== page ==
Some people struggle for years to lose weight through diet and exercise, but are unsuccessful. It can therefore be tempting to think about other options.
Weight loss surgery is one method than can help you lose a lot of pounds. But it’s important to know the risks associated with this surgery before moving forward with it.
There are several different types of weight loss procedures offered by the NHS, all of which have side-effects associated with them. What are the different types of weight loss surgery and are any of them right for you? You can get more health news and other story updates by subscribing to our newsletters here.
Read more: Do I have a good relationship with food? Warning signs and when to seek help.
Types of weight loss surgery
This is a small band that is placed around the top of the stomach. It works by creating a small pouch at the top of the stomach, meaning it takes less food to feel full. The band can be tightened after surgery. Read here about 12 easy ways to shed those pounds.
This is where surgical staples are used to create a small pouch at the top of the stomach. This pouch is connected to your small intestine, missing out the rest of your stomach. It takes less food for you to feel full and you absorb less calories.
This is where a large part of the stomach is removed. The stomach is much smaller than before the surgery so you will feel full sooner. We reported on one man who ‘broke down crying’ when he looked in the mirror, but he’s now unrecognizable from the days when he once weighed 22 stone.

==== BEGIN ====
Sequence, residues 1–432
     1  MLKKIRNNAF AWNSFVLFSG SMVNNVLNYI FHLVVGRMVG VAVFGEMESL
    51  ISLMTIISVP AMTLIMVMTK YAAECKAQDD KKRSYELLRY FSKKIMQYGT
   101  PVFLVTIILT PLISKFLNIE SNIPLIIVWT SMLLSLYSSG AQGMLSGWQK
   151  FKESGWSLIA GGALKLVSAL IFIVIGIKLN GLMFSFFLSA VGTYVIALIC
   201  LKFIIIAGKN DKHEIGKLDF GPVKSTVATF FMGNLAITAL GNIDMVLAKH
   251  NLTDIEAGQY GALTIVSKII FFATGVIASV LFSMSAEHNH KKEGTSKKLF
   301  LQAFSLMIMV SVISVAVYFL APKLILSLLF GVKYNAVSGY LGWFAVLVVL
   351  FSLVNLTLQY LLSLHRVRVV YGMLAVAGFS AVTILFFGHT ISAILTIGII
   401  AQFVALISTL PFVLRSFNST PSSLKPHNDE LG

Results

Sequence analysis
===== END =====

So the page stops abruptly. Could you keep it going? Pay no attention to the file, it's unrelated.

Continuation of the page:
This is a soft balloon filled with air or salt water that is placed into your stomach using a tube passed down your throat. This is a temporary measure and it is usually removed after about six months.
Risks of weight loss surgery
Weight loss surgery is major surgery usually performed under general anesthetic. There are a number of risks for the surgery itself and the recovery period. These include:
- Blood clots – usually in the legs
- Wound infection – this can happen as your surgical wounds are healing
- Gastric band slipping out of place – you would need further surgery to put this back in place
- Leak in the gut – this can cause a serious infection
- Blocked gut – this could lead to further complications and the need for medical intervention
- Malnutrition – weight loss surgery can make it harder for your gut to absorb vitamins and minerals from food
- Gallstones – this is really common after weight loss surgery and you may need surgery to remove you gallbladder
- Excess skin – you could be left with excess skin after the weight loss
- Death – risk of death is low, but the surgery is a major operation and comes with the risk of serious complications
Is weight loss surgery right for me?
If you think that gastric surgery is right for you, you should contact your GP who can offer advice and refer you to a specialist consultant. Before you can have weight loss surgery, a specialist will check if the operation is suitable. This may involve checking your:
- physical health – using blood tests, X-rays and scans
- diet and eating patterns
- mental health – asking about your expectations of surgery, and whether you have any mental health conditions